There are four key aspects to a CC licence:
Attribution – Every CC licence requires attribution, meaning that when CC licensed content is used the original creator must be acknowledged, in effect saying “I created this, give me credit for the work I did”.
Commercial Use or Not – In allowing other people to reuse your work, you can choose whether it can be used for any purpose or only for non-commercial activities.
Derivative Works – You can also choose whether people are only able to use your work in its original unaltered form, or if they can create derivative works based upon it.
Share Alike – If you do allow people to make something based on your work, you can also choose whether they must offer it on the same terms (i.e. a Creative Commons or compatible licence)?
As well as the many independent content creators using CC licences, there are some big names you will undoubtedly be familiar with, including Wikipedia, the White House and Al Jazeera. CC also provides the legal framework for the Open Educational Resources (OER) initiative under which some educational institutions are making their courseware freely available.
We’ve already established that our IP has value to us, so why would we want to give away some of the rights to it? If we are going to give up some rights we needs to offset that against the good it may do us, and beyond simple altruistic reasons, there are quite a few potential benefits.
- It clarifies the copyright position of the content, offering a clear set of licence terms instead of relying on implied licence terms such as fair use or fair dealing.
- It encourages and legitimises the sharing of content, without hiding the source. If we think back to our earlier example of workshop handouts, there is a good chance that the delegates will share them anyway. By explicitly granting permission to share them we would remove any motivation to hide their origin, thus allowing our name or brand to be associated with the resources as it spreads through the organisation.
- Services such as Youtube, Flickr, and Picasa integrate Creative Commons search, as do search engines such as Google and Yahoo. This can be beneficial to anyone creating content where it’s hard to find original resources, such as photos on niche topics that you wouldn’t find in a typical stock image library. It’s beneficial to the creators of that content too, because it helps to ensure attribution.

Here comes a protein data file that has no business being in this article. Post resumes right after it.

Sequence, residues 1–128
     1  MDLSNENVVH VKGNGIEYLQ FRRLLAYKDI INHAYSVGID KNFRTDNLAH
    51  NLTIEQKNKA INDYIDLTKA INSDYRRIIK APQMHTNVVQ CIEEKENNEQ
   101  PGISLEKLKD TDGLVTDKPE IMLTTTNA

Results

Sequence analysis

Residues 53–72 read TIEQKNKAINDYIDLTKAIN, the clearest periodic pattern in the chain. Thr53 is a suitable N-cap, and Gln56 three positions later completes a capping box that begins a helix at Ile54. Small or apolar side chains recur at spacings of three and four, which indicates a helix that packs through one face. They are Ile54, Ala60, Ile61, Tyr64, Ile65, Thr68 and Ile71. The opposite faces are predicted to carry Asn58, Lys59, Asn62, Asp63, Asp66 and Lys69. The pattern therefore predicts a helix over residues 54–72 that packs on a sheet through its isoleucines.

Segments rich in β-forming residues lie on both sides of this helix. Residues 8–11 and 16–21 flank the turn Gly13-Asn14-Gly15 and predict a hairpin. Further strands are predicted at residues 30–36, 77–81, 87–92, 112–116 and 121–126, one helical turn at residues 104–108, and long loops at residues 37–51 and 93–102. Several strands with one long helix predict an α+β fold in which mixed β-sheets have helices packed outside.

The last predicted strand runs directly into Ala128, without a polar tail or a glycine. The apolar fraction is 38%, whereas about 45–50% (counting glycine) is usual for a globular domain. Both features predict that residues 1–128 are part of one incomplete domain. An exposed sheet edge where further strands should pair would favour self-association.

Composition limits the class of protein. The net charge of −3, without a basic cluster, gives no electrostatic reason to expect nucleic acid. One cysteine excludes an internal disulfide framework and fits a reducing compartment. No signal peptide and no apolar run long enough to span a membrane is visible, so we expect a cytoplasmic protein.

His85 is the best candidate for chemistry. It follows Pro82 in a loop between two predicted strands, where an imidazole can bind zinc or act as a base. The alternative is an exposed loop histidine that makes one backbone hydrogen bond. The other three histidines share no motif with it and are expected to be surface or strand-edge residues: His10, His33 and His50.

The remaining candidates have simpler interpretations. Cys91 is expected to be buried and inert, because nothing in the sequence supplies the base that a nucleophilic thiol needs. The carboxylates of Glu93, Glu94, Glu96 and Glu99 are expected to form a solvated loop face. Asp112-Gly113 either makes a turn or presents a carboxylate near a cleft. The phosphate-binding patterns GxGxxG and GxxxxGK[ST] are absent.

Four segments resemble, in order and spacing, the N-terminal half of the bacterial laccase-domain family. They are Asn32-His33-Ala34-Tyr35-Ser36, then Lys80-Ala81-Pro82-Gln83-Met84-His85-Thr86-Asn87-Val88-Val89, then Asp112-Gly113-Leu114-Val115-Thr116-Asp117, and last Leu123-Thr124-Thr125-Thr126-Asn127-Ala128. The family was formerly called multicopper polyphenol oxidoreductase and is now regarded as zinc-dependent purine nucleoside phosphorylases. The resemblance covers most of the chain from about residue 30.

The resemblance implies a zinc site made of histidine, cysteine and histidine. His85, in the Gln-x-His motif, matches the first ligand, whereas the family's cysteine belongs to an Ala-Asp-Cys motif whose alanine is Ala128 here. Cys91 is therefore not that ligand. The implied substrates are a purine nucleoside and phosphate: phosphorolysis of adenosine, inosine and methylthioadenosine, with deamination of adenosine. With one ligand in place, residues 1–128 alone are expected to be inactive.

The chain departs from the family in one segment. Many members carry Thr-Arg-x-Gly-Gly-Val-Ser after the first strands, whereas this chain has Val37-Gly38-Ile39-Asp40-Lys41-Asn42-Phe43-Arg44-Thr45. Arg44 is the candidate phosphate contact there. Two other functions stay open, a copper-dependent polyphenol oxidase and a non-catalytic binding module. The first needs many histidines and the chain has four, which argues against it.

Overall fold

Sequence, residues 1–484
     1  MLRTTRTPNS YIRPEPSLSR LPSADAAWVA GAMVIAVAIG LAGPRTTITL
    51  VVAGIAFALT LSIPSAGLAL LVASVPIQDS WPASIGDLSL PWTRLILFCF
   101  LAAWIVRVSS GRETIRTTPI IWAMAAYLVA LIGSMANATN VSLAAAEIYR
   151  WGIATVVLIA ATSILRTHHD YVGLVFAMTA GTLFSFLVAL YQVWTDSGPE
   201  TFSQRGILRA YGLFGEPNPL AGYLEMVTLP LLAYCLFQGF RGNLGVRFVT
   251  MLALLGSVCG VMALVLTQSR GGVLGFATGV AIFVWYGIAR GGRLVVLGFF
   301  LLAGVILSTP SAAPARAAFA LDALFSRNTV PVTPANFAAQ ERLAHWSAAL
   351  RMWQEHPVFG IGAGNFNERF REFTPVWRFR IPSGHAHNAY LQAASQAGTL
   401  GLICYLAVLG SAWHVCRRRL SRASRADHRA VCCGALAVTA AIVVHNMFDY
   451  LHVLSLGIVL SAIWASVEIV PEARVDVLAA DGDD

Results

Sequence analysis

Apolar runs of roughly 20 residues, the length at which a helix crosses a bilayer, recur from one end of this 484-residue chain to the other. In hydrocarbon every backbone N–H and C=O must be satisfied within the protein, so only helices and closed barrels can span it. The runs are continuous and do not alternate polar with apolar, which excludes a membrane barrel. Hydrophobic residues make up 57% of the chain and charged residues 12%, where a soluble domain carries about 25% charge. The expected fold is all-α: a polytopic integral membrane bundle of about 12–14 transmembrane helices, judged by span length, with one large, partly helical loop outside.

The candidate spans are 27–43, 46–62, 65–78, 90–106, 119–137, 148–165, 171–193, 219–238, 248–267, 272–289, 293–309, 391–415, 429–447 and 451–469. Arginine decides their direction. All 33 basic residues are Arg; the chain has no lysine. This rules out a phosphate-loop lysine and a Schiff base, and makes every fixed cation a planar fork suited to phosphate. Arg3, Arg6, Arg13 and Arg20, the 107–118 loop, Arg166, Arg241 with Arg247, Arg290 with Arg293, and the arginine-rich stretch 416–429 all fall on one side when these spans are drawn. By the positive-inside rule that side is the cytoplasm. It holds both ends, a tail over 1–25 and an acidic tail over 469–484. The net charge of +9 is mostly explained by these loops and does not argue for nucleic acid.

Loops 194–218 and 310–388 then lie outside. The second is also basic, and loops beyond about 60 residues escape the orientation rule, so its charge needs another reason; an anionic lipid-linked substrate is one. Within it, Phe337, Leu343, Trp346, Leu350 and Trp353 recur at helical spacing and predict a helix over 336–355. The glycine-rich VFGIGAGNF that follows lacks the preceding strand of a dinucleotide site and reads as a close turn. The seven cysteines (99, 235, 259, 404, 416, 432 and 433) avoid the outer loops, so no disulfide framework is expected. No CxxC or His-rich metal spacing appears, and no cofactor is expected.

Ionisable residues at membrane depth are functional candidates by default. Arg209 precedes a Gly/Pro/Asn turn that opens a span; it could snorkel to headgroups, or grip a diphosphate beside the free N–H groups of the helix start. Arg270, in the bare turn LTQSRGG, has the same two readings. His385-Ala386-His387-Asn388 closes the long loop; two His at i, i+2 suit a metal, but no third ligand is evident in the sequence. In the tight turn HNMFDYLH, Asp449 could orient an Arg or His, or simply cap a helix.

- Taking a pragmatic view, it also saves the time, effort and cost of chasing anyone who infringes your copyright. As an individual this would be very difficult to do, and even for organisations it can be a time consuming and costly process with no guarantee of success.
The ease with which such licences allow people to legally share your works is a significant benefit. The trend for sharing and the increase in online content places ever greater importance on our networks, the people in them and the content that flows through them. Anything that ensures we keep the credit for our work as it moves through these networks can only be a benefit.
Conclusion: To share or not?
Thriving in a networked world means using every available tool to spread our content and our reputation. Choosing to licence our work in a way that encourages sharing has the potential to give us visibility far beyond the reach of regular marketing channels. That’s not to say that everything we do needs to be licensed this way, but we should be open to forms of IP protection that are fit for purpose in a network economy.
As an example of the simple practical benefits of CC licensing, in this article I’ve used and remixed content from Wikipedia and the Creative Commons website, safe in the knowledge that I’m within the law.
This article is licensed under a Creative Commons Attribution-ShareAlike 3.0 Unported License too, so you are free to share and remix it yourself if you wish.
This work is licensed under a Creative Commons Attribution-ShareAlike 3.0 Unported License.
Note: It probably goes without saying, but this post isn’t legal advice and you shouldn’t make any big decisions about your intellectual property without consulting a suitably qualified professional.